MTV At 30: Still Pushing Boundaries And Pioneering New Forms Of Media

I Want My MTVMTV turned 30 on Monday, but the network seemed to be the only one not interested in celebrating its major milestone.

Let’s face it, turning the big 3-0 is pretty much the end of youth, but there is no other TV network as synonymous with youth culture as MTV. It’s an institution that has remained relevant to fickle teens and college students for three decades. I can’t think of another that has, year in and year out, maintained that position…except maybe jeans and t-shirts.

MTV has always pushed the boundaries of what is acceptable, sometimes failing, but often spawning major trends: animation for 20-somethings (Liquid Television was a precursor to Adult Swim), reality TV (‘nuf said), news for young people (even Jon Stewart rose to fame on the network)...the list goes on and on.

There are those who lament that the network isn’t what it was 30 years ago, but, frankly, it shouldn’t be what it was then because young people today aren’t the same as young people decades ago. The changing media landscape forced MTV to “evolve and figure out” its new role.

That means, in part, that MTV doesn’t show many music videos any more (though its sister networks do) because times have changed. There are more than enough ways for people to find music videos, as Kurt Loder points out, and MTV specializes in giving viewers what they can’t get anywhere else.

These days, that includes a mix of reality programming and a revival of some old hits. For the nostalgic viewers, the network is bringing back “Beavis and Butthead,” which has the potential to be just as relevant today as it was back in the 90s because the show comes with a new twist. Instead of commenting on videos, the pair makes fun of everything on the network, from music to reality shows. Their sardonic wit is a perfect…

 
 
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Millennial News Feed

Quote of the Day: “I'm trying to save roughly $5,000 to buy a vehicle. It will take me another 6 months or so.” –Male, 16, NC

The year started with a report that teens are leaving Facebook, and it’s ending the same way. A report this week showed that 88% of 13-17-year-olds were using the network in 2014, a drop from 94% in 2013. We’ve looked at the reasons that teens just aren’t as interested in Facebook before, and Ypulse’s latest social media tracker survey actually showed that currently only 63% of 13-17-year-olds say they use Facebook. (Mashable)

Millennial tastes are shaping the future of fast food, and majorly impacting longstanding brands. But what chains are keeping them happy now? YouGov BrandIndex ranked the restaurant chains that 18-33-year-olds would consider going to again to gauge their current brand loyalty. Gourmet sandwich chain Jimmy John’s topped the list, with 83% saying they would return. Chipotle, Chick-fil-A, Whataburger, and Subway made up the rest of the top five, in that order. (Business Insider)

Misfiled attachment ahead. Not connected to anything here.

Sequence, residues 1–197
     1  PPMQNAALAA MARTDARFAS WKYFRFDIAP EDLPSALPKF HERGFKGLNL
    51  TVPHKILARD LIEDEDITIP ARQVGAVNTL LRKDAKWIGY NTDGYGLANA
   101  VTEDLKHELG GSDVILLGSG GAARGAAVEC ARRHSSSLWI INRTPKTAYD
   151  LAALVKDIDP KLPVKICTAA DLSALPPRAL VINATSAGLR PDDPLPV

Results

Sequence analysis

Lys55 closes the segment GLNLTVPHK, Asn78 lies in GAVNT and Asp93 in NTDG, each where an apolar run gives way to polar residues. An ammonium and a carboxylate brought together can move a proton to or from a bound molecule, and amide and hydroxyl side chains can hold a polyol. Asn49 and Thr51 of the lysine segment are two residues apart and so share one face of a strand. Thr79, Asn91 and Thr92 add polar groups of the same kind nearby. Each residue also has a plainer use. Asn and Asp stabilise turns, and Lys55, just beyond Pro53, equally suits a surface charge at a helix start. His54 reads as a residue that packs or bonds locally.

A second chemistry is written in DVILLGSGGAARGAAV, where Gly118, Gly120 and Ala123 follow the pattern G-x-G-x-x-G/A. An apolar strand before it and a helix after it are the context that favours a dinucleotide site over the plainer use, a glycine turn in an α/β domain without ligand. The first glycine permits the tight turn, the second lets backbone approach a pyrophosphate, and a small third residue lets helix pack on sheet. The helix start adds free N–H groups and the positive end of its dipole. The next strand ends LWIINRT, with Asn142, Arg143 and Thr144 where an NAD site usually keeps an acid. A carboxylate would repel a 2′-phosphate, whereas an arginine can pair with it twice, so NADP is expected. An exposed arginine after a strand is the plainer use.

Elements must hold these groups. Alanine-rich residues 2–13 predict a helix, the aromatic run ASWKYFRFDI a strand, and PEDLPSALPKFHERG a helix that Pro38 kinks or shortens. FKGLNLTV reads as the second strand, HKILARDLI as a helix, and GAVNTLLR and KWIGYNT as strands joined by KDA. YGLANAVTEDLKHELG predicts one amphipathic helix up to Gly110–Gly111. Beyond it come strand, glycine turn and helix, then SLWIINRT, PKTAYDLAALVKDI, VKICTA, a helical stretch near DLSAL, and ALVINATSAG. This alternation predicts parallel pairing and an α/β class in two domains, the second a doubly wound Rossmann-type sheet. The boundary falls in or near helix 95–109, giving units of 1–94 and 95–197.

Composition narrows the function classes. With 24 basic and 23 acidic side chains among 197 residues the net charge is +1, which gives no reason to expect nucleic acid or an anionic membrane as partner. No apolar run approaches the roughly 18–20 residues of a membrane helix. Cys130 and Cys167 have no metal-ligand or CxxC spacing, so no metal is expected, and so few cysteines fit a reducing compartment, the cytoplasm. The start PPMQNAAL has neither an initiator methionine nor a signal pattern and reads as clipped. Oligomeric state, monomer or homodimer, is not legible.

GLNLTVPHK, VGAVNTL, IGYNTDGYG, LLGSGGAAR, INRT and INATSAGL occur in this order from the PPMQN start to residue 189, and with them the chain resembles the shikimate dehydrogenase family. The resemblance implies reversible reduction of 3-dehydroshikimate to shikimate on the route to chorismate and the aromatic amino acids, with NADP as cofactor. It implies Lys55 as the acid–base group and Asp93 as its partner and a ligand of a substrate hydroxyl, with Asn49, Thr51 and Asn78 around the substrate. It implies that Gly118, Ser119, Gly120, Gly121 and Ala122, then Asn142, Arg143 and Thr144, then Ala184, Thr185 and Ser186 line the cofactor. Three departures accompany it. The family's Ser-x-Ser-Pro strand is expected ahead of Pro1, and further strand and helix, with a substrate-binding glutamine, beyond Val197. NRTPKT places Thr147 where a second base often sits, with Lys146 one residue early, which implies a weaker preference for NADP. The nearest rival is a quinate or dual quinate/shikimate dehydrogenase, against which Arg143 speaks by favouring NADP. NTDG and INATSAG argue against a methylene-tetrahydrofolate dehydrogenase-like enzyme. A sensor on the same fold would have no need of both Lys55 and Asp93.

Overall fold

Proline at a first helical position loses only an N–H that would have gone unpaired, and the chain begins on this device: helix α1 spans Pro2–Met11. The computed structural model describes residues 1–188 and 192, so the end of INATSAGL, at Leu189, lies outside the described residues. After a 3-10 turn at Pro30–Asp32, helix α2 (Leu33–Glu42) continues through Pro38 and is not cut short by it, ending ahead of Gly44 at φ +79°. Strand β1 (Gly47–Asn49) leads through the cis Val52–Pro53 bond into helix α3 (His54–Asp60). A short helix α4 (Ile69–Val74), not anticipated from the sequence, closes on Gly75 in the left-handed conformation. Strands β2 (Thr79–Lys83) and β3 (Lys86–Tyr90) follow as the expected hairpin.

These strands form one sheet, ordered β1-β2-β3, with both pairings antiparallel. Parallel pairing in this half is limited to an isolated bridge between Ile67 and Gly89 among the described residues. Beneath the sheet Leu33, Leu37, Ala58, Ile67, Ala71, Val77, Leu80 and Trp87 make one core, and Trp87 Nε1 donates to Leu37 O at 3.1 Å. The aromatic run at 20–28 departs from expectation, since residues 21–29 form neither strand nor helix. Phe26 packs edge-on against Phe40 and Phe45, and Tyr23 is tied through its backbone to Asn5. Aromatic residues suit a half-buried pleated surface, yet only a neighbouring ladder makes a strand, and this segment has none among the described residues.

Video sharing competition is heating up. Former Hulu CEO Jason Kilar has launched Vessel, his new subscription video service, which has been predicted to be a YouTube competitor. To entice creators to post content, they’re being offered $50 for every thousand views in the first three days they are posted, ifthey are only posted on Vessel. After a “72-hour exclusive window” the content can be shared on other sites. Currently Vessel is only open to creators, and a consumer launch “is pending.” (StreamDaily)

Kids are often shielded from adult content, usually because it is deemed too violent. But in reality, their bright cartoons might feature more carnage than grown-up fare. A recent study looked at the biggest children’s and adult movie hits in the same year and found that “two thirds of the 45 highest grossing children’s animated films feature an onscreen death of a major character” compared to half of the top “non-kid” films. “Death and destruction” are just a regular part of your average animated classic. (NYMag)

‘Tis the season for gift swaps, including the sinister favorite White Elephant—also known as Yankee Swap and Nasty Christmas. Old Navy is featuring the game in their holiday Vine campaign. Each day a video reveals gifts, from a high-end trip to a pogo stick, that will be given out, and every person who re-Vines or likes the clips is entered to win. The brand has also tapped 12 popular Viners to create their own clips in which they steal a previously opened gift or stay with the gift of the day. (Old Navy)

That image at the bottom of our newsletter is a gateway to insights and expert commentary on current and future Millennial trends. Clicking on it takes readers to our daily insights article, available to Silver and Gold tier subscribers, which illuminates a facet of Millennial culture and helps subscribers to understand the "why" behind the "what." Drawing from our ongoing collection of proprietary data, our deep-dive desk research, and our 10-year history of studying this generation, we figure out what it all means for brands and marketers. (Ypulse)

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